Drake’s Passage is the famously rough 400 miles of open sea between the southern tip of South America and Antarctica. As sailors used to say: “Below 40 degrees, there is no law. Below 50 degrees, there is no God.”
At Pura we are strongly of the opinion that flying to Antarctica is not acceptable as it will quickly lead to unsustainable increases in visitor numbers.
The boat crossing of Drake Passage maintains the White Continent for those dedicated enough to make the crossing.
What is it?
Drake’s passage is the shortest crossing to Antarctica at ‘just’ 400 miles. However, it is entirely open water with no land anywhere around the world at these latitudes.
This allows for the unimpeded flow of the Antarctic Circumpolar Current which spins around the continent, connecting the Atlantic, Pacific and Indian Ocean basins.
There is nowhere else in the world where the oceans flow freely around the globe so this really is a unique experience.
Now for the handy facts and figures! In Drake’s Passage the flow of water is said to be equivalent to 135 times that of ALL of the rivers on earth.
That’s 135 Sverdrups for the technically minded.
Yes, there is a unit of measurement for the flow of all rivers on earth, who knew’
It is this Circumpolar Current which spins around Antarctica, cooling it and creating the ice-cap itself.
Presumably it’s the same physics that says a bottle of beer will cool more quickly if you spin it in ice rather than just let it sit.
On September 6th 1577 Sir Francis Drake had just cleared the Strait of Magellan on his second circumnavigation of the globe.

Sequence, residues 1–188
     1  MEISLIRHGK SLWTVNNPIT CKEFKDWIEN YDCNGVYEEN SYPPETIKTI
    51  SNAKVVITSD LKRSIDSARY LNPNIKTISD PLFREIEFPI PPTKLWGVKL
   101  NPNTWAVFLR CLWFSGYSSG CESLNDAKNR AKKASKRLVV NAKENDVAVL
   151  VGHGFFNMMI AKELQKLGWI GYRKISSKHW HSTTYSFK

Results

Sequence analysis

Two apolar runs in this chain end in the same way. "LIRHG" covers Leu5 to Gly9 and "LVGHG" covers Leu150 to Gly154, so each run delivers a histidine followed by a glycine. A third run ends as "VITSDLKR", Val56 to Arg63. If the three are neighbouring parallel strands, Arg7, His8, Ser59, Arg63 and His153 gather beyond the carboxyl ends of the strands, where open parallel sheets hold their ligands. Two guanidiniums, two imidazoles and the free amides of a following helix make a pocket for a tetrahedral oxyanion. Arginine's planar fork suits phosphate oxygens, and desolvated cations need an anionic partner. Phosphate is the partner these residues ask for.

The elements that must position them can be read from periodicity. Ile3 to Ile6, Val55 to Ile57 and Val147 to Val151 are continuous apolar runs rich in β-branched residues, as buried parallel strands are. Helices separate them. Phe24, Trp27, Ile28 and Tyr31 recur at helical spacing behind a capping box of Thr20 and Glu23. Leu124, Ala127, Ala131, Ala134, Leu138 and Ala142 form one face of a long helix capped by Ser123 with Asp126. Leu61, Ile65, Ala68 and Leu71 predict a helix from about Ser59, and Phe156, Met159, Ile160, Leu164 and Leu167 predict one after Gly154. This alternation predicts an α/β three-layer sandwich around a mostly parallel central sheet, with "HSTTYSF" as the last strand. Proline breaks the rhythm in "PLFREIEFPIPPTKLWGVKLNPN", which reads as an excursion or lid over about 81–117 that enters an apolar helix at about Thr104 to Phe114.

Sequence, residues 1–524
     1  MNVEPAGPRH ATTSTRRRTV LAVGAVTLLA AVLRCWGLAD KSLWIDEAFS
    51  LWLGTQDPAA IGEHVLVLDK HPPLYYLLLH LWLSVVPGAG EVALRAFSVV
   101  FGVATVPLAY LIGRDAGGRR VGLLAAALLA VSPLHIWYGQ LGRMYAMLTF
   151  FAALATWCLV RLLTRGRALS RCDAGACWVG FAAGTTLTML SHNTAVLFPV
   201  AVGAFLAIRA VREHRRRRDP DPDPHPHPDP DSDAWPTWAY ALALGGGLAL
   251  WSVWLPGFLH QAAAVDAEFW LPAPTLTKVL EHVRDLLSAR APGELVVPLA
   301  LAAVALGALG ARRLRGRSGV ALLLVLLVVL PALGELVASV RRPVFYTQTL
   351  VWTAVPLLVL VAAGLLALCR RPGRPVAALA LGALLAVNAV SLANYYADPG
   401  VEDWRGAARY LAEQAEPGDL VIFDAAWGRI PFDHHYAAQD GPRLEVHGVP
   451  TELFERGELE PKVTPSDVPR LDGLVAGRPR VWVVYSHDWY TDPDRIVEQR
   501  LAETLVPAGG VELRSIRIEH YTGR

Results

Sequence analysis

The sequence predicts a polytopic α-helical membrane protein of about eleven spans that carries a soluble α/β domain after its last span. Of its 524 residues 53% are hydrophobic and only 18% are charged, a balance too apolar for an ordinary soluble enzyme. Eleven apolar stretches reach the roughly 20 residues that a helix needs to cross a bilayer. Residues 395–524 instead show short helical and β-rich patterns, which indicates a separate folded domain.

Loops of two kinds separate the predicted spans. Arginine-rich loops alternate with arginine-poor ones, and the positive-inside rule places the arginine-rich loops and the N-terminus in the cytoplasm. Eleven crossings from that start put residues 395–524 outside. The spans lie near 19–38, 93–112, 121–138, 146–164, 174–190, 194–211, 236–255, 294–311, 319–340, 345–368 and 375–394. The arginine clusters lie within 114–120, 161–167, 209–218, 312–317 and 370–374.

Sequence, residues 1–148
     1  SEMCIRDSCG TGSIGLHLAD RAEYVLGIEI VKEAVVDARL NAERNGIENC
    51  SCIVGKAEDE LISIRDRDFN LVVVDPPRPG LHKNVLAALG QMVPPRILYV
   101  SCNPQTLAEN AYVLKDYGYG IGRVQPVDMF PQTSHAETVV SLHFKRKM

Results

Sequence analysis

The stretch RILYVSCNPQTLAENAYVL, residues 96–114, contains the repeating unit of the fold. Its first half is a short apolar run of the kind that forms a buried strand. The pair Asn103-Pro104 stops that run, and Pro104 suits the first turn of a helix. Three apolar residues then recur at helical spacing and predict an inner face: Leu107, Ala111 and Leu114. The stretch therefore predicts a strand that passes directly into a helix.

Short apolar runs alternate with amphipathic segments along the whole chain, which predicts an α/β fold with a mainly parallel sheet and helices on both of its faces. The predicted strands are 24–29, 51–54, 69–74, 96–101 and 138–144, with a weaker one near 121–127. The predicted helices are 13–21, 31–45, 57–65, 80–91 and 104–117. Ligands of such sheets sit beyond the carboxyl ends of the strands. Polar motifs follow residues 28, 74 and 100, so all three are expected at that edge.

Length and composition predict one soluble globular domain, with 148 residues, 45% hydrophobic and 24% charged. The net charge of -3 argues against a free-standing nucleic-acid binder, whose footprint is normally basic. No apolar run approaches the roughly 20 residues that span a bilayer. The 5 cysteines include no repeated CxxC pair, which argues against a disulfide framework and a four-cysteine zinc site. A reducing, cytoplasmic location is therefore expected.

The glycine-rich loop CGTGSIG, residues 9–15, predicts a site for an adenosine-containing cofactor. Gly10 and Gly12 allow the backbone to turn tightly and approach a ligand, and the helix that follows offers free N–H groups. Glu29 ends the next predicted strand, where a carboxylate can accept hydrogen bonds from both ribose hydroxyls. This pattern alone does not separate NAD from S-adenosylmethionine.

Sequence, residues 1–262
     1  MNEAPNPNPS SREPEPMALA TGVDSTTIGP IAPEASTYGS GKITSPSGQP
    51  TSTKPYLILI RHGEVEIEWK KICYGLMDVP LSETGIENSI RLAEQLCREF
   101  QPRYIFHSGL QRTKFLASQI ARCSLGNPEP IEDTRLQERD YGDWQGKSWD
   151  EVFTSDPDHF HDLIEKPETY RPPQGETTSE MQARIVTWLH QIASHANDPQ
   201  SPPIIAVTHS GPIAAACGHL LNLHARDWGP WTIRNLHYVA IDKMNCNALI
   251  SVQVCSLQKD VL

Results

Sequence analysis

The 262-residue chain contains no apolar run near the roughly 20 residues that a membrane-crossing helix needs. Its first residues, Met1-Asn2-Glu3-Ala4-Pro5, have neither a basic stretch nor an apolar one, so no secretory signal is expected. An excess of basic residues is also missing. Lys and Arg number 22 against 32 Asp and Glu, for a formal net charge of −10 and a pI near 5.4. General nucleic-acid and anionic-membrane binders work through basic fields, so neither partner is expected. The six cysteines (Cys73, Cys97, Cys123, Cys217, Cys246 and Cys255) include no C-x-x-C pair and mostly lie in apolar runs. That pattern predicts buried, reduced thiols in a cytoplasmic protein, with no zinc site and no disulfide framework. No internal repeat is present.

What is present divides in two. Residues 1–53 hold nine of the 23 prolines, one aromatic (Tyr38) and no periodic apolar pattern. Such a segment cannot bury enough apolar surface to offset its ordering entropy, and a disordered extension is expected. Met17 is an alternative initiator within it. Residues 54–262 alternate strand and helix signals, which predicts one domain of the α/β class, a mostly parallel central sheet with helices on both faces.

He was blown south of Cape Horn by a storm into the area where the Pacific and Atlantic Oceans met.
This turbulent stretch of sea was a new discovery and proved that Tierra del Fuego was not connected to the southern landmass as previously thought.
The passage was named after Drake and has since earned a reputation among travellers and explorers as being one of the world’s toughest stretches of water.
We often get asked about seasickness. Even if it is a very calm crossing, the roll of the boat will be an unfamiliar feeling at first.
You are likely to feel nauseous for a couple of hours but you should then get your sea legs and be fine for the rest of the trip.
There is no particular time of year when the sea is calmer. It is widely thought that the end of the season in March is the roughest time as winds are typically stronger.
But March 2009 saw the calmest crossing the crew had experienced in years and they temporarily renamed it Drake Lake.
Either way crossing Drake’s Passage is part of the adventure of visiting Antarctica.